Here's a short list of 15 famous, or great, Belgians.  

Some will be familiar, but you probably didn't know they were Belgian, and some you never heard of, but they have intersected with your life. 

To qualify, they were born or lived in what is now Belgium.  Some of them are fictional, but still Belgian!

Enjoy, and give thanks to what Belgium has given us, in addition to fine chocolate and fries.


(742 – 814)

 Born and raised near Liege, Charles the Great was the son of Pippin the Short.  He inherited part of his father’s Frankish lands, which he expanded until, on Christmas Day, 800, he was crowned the first Holy Roman Emperor by the Pope in Rome.  The first post-Roman to consolidate much of modern Europe, he is considered by many the Father of Europe.


Godfrey of Bouillon 

(1060 – 1100) 

Not the inventor of the Bouillon Cube, but rather a chief organizer and leader of the first Crusade.  Unlike many that followed after him, Godfrey seems to have been a pious man who really wanted to do God’s work.  He sold most of his land and possessions to raise funds, and set off for the Holy Land.  After victory, he was made leader of Jerusalem, although he declined the title of King.  It’s unclear the cause, but he died in Jerusalem after an extended illness, and never returned to Europe.


Gerardus Mercator 

(1512 – 1594) 

Born Gheert Cremer in Flanders, he invented the Mercator Projection, a way of representing the spherical globe on flat paper.  Thanks to him, we think Greenland is bigger than Africa.  He coined the word Atlas for a collection of maps, and was famous in his day for making globes.


Peter Paul Rubens 

(1577 – 1640)

The prolific Baroque painter was born in Westphalia, but his mother returned with him to her home in Antwerp when he was a boy, and he spent most of his life there.  His work gives hope to large women everywhere that they will return to fashion someday.


Lambert Quételet 

(1796 – 1874) 

An astronomer, he developed statistical methods still used today.  He then turned these same techniques on humans, and made his most lasting contribution to science:  the Body Mass Index, which tells us we are all fat, or at least overweight.


Adolph Sax 

(1814 – 1894)

A native of Dinant, which has been renowned for copper and brass working since the middle ages, he invented the saxophone in 1854.  This instrument combines qualities of both woodwinds and brass, and without it we would never be Born to Run.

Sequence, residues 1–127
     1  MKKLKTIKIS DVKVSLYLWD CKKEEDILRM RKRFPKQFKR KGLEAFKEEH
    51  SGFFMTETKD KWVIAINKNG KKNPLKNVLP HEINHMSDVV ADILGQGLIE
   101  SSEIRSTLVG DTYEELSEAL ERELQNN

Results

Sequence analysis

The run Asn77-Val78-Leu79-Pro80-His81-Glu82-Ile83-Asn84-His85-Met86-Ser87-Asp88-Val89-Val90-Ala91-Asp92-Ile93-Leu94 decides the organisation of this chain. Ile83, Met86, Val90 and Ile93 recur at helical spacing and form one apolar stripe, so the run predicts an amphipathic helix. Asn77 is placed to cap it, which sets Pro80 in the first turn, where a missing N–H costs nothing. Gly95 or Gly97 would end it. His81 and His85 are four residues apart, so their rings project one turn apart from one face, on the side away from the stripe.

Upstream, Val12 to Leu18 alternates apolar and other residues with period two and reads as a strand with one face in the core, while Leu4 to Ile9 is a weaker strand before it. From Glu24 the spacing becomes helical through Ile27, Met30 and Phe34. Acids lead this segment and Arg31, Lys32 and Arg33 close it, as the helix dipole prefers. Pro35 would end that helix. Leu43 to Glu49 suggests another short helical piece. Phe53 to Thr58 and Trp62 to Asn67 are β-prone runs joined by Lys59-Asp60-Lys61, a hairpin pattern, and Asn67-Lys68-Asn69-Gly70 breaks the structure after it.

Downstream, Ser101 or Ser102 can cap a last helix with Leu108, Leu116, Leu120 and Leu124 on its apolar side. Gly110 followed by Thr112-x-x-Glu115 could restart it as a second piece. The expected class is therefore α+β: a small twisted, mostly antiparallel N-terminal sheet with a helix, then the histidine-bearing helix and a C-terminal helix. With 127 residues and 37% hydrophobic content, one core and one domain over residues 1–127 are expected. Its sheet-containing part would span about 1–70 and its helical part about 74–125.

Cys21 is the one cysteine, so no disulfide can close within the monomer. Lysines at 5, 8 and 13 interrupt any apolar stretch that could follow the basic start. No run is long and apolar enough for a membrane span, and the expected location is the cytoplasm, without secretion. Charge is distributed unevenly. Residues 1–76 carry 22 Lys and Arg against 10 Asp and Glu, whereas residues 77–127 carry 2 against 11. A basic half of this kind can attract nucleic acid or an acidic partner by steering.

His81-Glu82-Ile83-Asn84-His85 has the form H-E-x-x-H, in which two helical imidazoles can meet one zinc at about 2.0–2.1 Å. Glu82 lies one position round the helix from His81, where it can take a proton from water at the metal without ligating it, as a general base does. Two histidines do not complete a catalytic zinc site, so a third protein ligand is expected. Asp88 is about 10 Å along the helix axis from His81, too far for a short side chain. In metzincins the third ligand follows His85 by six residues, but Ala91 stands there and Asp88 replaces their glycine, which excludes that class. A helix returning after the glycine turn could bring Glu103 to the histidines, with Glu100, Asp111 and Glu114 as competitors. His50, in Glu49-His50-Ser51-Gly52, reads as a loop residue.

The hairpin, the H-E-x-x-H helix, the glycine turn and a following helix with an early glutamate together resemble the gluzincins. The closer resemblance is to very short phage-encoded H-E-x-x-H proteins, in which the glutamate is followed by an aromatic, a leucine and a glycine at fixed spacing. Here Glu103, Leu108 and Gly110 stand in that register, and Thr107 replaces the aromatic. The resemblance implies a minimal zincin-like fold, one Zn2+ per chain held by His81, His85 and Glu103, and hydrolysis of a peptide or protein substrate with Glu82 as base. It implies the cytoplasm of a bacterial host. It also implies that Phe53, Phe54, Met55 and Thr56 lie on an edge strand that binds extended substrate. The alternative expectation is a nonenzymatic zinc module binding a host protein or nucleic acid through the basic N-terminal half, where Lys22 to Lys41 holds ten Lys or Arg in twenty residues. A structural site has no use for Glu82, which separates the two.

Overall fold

Father Damien 

(1840 – 1849)  

Flemish priest, later a Saint, who devoted his life to caring for the lepers in Hawaii.  He eventually contracted the disease himself, and died from it.  He is the patron saint of lepers, AIDS patients, and other outcasts.


Victor Horta 

(1861 – 1947) 

From Ghent, Horta was one of the first to apply the new decorative style of Art Nouveau to architecture.  His buildings are filled with the twisting, flowing lines of nature, both in the building itself, but also in the furniture, fixtures and decorations, in all sorts of materials. 


Georges-Henri Lamaître 

(1894 – 1966)

From Charleroi, Lamaître was a Catholic priest, and taught at the University in Leuven, in the days before all the French speakers were evicted.  In 1927 he published his theory, which was derisively called the Big Bang, explaining the evidence of an expanding universe and its origins.  He died shortly after hearing of the discovery of the microwave background radiation that confirmed his ideas.


René Magritte 

(1898 – 1967) 

Born near Brussels, and a leader of the Surrealist movement, Magritte believed that a painting was not just an image, but a “container for ideas.”  Bourgoise to the core, he lived a thoroughly ordinary personal life, yet his work is full of strange visions and odd juxtapositions, speaking to the nature of representation, as when he pointed out that a picture of a pipe is not, in fact, a pipe at all.


Jacques Brel 

(1929 – 1978)

Considered one of Europe’s greatest singers, though not that well known in the US, he was born in Brussels, but lived much of his life in Paris.  He is buried in Polynesia, near Paul Gauguin, who was not Belgian.


(Not actually true)

Eddy Merckx 

(1945 - ) 

Generally agreed to be the greatest cyclist ever, even by fans of Lance Armstrong.  He won five Tours de France, and was only caught for doping three times!


Hercule Poirot 

(1920 - 1975) 

Agatha Christie’s ingenious detective, born in Spa, and famous for using his “little grey cells” to solve the most vexing cases.  He is proud of his roots, declaiming,”I am not a bloody little Frog!  I am a bloody little Belgian!”


(Not a Belgian!)


(1929 - 1983) 

A young (gay) comic book reporter and crime fighter, created by Hergé.  Not so well known in the US, but with a Speilberg movie coming out, that will change soon.  While he and his dog are called Tintin and Milou in French, in the Dutch editions they are Kuifje and Bobbie, and in English his dog is called Snowy.  Typical Belgian confusion.  It is fun to read the old ones, especially about his travels in America and the Congo.  Let’s just say, they are not politically correct!


Dr. Evil 

(1997- ) 

Austin Powers’ nemesis is from another time, and doesn’t have a real country to call his own.  So, naturally, he is Belgian.


(Not a Belgian!)